From day one, he envisioned a broad international alliance to support the new areas: the Scandinavian states to help support the new Baltic lands, for example, and Japan and South Korea to assist Siberia. Short-term emergency tactics were already underway to stave off starvation during the winter — food, grain credits, medical assistance. They would clearly be needed the next year as well. But long-term strategies were where the alliance would succeed or fail: First, it would support reducing military forces, destroying nuclear weapons wherever possible, ideally precluding any new nuclear states. Second, it would attempt in any way possible to teach democracy (not impose it) to the former vassal states, including leadership, electoral ideas and stable, open government. Baker hoped to have communications/journalism support from the United States Information Agency, broad staffing from the Peace Corps, and technical assistance funds from consortia of private companies on the ground where they were welcome. Third, it would spend a lot of money to help establish free choice in the economic realm and develop free markets wherever possible. Businesses and NGOs throughout the alliance would participate, and the support for them would be broad and deep. The U.S. and allies would enlist the support of the G7, the International Monetary Fund, and the World Bank in providing credits and debt deferral to maximize the opportunities for these fledgling economies to grow and stabilize. The old history student inside Baker also noted tartly what the alternative was: He compared the American self-absorption and rejection of Woodrow Wilson 1879’s League of Nations following World War I, with Hitler as a result, to the internationalist plans of Kennan and George Marshall following World War II that enabled modern Germany and Japan, not to mention the eventual collapse of the Soviet Union.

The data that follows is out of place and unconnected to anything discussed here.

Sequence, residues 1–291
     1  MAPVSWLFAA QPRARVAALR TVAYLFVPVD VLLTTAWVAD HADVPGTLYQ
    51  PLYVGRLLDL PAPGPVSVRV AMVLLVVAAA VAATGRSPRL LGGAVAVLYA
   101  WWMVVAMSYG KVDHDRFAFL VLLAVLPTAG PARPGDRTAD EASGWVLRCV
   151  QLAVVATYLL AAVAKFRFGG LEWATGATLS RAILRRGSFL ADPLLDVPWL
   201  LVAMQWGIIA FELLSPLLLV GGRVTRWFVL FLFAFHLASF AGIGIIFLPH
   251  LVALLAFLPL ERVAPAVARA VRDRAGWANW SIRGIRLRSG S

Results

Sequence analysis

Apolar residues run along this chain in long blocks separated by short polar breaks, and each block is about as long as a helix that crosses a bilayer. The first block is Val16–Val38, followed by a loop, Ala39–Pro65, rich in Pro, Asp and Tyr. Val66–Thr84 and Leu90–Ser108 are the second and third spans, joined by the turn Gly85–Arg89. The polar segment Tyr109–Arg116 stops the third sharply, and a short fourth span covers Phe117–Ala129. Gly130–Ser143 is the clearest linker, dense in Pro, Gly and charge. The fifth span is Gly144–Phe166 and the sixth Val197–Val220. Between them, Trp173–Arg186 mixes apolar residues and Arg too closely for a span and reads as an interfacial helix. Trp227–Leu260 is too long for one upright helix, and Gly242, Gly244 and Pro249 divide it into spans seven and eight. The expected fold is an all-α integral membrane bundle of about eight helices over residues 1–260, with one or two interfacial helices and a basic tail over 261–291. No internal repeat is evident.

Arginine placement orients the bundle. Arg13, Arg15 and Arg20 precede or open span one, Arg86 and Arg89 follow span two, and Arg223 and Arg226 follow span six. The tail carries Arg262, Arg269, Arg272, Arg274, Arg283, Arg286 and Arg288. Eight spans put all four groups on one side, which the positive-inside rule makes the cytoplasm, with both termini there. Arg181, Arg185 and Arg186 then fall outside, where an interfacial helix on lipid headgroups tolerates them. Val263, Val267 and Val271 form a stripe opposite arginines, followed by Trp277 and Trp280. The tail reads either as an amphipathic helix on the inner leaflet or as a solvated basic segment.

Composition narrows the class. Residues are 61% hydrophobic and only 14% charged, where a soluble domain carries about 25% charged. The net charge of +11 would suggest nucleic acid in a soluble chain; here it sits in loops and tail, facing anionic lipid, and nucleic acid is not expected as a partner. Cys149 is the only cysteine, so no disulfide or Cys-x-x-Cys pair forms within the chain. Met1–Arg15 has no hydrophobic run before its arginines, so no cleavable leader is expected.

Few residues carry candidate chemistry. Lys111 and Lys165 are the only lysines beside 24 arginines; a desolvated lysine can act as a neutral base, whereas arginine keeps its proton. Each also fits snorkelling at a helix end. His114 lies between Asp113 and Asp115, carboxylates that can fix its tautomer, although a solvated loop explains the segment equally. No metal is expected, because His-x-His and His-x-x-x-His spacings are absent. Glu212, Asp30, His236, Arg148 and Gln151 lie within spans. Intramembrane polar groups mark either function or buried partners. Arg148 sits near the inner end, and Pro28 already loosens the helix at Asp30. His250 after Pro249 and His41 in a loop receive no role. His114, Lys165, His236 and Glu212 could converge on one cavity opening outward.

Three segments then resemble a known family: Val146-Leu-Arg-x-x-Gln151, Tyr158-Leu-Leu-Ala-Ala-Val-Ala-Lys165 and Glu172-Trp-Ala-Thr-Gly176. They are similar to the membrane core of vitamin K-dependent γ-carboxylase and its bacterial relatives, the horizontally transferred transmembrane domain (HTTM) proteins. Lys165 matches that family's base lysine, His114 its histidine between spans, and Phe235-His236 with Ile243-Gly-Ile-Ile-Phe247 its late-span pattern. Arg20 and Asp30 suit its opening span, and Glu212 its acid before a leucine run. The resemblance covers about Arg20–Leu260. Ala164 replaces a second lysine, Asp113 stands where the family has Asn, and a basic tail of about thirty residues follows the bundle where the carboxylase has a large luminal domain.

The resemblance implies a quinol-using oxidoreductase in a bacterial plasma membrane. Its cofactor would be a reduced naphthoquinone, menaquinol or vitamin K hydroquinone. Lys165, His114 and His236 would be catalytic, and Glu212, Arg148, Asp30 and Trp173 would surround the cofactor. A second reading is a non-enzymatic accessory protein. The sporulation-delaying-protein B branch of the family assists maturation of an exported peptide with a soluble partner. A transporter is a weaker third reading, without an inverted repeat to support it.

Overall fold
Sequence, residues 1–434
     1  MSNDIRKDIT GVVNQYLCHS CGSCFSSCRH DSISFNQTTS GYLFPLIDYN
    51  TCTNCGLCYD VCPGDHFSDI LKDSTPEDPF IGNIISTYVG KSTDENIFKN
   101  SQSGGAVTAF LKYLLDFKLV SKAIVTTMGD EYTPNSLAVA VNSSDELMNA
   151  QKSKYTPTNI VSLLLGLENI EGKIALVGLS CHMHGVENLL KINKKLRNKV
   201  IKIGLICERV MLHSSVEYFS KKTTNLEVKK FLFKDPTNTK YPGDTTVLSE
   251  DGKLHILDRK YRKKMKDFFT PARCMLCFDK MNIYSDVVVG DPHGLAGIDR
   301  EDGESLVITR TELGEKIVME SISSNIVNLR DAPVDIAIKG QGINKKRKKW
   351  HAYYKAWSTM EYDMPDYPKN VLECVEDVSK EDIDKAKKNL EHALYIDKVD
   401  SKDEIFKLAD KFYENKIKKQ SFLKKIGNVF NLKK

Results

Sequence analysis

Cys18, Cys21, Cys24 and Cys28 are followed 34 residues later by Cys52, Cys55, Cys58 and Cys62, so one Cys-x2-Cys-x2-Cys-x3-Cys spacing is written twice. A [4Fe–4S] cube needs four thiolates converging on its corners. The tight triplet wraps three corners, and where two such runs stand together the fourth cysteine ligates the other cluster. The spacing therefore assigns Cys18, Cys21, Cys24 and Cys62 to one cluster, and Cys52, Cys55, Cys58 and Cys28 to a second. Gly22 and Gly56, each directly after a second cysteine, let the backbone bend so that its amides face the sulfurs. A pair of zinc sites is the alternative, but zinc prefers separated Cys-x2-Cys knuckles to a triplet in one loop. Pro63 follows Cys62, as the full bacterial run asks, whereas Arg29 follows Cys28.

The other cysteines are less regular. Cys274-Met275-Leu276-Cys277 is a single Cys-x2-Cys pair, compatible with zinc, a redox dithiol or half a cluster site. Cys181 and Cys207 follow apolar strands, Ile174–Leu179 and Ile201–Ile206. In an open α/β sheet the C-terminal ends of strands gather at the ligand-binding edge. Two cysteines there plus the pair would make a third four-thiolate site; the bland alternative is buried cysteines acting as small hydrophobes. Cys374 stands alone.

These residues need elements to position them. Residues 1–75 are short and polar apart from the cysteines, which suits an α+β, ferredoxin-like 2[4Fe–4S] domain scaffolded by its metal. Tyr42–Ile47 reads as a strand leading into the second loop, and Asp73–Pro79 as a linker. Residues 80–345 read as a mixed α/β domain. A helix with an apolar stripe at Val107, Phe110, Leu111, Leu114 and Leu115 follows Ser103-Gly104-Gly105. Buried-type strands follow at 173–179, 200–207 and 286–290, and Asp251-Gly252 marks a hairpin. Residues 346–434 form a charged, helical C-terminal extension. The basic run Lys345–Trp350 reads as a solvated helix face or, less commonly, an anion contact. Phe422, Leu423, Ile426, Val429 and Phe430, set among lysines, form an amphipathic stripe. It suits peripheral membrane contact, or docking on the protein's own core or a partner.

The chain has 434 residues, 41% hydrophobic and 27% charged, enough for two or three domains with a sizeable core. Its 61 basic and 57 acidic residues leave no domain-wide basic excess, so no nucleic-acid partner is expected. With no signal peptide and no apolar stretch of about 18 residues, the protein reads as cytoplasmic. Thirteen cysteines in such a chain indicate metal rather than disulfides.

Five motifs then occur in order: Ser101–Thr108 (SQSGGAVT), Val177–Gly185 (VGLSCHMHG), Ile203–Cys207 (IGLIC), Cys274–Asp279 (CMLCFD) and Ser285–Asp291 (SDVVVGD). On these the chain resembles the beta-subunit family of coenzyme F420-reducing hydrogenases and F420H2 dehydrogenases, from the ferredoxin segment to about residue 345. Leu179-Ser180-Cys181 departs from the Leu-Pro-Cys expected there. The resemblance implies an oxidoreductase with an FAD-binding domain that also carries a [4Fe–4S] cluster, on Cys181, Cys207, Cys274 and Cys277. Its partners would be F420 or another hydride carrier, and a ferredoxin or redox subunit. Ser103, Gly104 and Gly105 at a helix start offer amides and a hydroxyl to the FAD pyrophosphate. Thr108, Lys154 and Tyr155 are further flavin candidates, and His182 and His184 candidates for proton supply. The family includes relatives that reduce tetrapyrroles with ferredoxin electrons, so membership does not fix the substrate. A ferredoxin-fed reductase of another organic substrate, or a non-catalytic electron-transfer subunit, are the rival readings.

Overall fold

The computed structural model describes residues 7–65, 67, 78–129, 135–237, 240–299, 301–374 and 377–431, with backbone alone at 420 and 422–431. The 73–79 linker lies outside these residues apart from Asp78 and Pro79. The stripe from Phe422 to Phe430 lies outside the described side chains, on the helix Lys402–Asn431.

Of course, since acceptance of these proposed initiatives (amounting in each case to an internal revolution) was voluntary on the part of the new states, the questions of how to attain public support — and, most important, find the right leaders — were ever-present and, in the end, only fitfully solved. The Baltic states took the challenge to heart and thrived. Belarus, across the border, became an ugly authoritarian backwater. And of course, in today’s spotlight, we have Ukraine, which did indeed voluntarily surrender its nuclear weapons, then took many halting steps toward liberalizing its democratic processes. But when the wolf came to the door, it was a homeland worth fighting for, and Russia, whose xenophobia and long historical toleration of tyrants has again arisen to drive its neighbors crazy, and — via nuclear weapons — prevent much of the globe from focusing on self-improvement. But we need to remember the inspiring successes of Baker, Kennan, Shultz, and their compatriots — not their occasional shortcomings — and continue betting with Stevenson on the intellectual improvement of our people. In a time of war, there seems no rational alternative.